French Compromise Over "Rescue Archaeology"

PARIS--After nearly 30 years of skirmishes among developers, archaeologists, and government officials, France has taken a big step toward regulating "rescue archaeology," the excavation of ancient remains threatened by development projects. Culture minister Catherine Trautman last week unveiled a plan to end what she calls the "quasi-permanent crisis" by creating a new agency to oversee such projects.

Last year, archaeologists went on strike to derail a plan to open rescue archaeology to competitive bidding, saying it would damage research (Science, 16 October 1998, p. 407). But now, scientists are mostly welcoming a proposal to replace a semiprivate archaeological contracting agency with a public entity under the culture and research ministries. Plans to involve government and academic researchers in projects are an "affirmation that rescue archaeology is a scientific activity and a public service," says Françoise Audouze of the Center for Archaeological Research in Nanterre.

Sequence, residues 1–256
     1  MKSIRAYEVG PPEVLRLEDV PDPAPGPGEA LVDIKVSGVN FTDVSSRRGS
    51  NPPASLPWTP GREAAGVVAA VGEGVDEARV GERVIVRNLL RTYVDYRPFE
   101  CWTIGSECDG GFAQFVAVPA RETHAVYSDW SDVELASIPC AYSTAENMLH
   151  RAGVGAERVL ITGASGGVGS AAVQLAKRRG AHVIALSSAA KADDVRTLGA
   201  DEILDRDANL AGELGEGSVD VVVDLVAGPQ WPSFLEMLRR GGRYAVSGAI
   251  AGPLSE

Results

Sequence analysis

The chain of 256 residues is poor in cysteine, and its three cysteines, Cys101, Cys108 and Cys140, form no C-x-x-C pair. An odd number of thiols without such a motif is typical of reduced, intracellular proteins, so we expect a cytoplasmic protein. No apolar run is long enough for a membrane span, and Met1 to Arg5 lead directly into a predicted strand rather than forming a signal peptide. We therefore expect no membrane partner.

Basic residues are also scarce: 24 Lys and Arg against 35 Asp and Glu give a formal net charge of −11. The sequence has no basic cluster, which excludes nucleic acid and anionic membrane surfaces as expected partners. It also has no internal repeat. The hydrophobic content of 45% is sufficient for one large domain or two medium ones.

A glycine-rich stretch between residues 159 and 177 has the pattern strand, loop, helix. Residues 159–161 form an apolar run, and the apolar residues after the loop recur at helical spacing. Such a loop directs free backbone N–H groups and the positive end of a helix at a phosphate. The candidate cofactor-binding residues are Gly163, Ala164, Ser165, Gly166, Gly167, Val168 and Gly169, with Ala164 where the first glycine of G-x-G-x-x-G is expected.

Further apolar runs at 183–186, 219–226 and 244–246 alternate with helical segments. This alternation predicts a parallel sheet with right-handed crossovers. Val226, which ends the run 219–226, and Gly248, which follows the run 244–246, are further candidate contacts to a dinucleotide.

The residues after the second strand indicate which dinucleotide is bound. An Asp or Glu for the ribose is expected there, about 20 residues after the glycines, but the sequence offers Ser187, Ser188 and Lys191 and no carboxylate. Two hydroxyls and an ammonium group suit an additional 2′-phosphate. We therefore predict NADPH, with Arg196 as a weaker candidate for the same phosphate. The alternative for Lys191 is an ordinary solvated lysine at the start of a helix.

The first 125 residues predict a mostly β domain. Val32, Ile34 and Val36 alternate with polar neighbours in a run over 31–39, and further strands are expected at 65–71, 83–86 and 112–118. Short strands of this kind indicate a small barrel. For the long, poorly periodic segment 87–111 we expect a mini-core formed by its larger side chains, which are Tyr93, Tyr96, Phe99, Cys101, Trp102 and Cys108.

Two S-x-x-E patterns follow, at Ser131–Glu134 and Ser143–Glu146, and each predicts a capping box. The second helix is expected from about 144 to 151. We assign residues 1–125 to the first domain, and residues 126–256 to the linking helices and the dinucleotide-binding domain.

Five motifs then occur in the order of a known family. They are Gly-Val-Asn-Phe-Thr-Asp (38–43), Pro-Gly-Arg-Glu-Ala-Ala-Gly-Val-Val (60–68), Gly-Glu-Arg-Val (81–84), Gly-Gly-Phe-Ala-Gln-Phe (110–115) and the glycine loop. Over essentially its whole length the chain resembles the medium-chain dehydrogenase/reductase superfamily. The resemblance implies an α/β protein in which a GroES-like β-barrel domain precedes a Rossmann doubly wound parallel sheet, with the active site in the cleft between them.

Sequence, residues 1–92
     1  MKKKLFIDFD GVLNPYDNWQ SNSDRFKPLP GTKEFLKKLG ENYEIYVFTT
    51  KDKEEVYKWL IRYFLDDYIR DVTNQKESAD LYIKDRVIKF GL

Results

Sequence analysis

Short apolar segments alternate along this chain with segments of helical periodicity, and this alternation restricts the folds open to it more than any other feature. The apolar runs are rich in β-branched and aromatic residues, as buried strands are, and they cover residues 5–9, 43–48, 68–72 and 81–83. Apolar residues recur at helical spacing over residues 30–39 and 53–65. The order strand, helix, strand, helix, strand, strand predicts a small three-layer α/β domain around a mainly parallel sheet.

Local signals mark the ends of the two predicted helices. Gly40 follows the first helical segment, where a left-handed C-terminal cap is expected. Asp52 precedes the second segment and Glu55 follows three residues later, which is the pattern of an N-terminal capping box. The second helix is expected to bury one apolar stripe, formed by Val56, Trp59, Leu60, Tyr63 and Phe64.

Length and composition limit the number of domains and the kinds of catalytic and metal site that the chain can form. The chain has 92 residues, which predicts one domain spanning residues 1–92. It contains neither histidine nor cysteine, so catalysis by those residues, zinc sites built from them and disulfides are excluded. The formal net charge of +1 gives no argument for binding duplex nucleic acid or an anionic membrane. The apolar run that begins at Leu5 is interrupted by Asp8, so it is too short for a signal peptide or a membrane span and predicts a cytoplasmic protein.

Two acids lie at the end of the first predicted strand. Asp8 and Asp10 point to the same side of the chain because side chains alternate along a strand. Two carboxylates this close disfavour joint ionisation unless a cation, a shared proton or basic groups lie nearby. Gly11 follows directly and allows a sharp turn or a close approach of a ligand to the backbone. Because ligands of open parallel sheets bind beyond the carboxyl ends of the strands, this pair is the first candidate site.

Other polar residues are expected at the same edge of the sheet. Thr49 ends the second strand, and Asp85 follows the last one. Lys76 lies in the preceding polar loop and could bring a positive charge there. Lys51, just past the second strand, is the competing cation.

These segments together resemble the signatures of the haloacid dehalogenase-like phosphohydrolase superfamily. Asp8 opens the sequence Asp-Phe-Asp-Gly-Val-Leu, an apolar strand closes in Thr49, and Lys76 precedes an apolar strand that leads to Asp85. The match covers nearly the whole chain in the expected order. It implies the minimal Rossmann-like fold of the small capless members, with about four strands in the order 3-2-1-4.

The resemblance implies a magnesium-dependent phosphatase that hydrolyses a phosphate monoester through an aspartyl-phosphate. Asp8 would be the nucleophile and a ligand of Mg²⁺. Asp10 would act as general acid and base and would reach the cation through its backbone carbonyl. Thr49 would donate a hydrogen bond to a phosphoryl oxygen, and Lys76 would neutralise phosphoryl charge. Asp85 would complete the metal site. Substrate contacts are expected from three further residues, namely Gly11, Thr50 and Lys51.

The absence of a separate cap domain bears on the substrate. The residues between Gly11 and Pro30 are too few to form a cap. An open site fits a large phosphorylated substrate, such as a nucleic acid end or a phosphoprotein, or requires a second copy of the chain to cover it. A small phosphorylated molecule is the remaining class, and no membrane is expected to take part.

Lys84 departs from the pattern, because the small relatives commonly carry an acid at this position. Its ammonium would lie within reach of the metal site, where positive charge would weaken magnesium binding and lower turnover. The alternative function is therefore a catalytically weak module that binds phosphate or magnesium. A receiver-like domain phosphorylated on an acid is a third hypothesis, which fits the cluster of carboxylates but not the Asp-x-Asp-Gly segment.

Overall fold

But one archaeologists' union is unhappy with a complicated formula that will exempt small developers from paying for digs. It is calling for changes before the government presents the plan to Parliament this fall.

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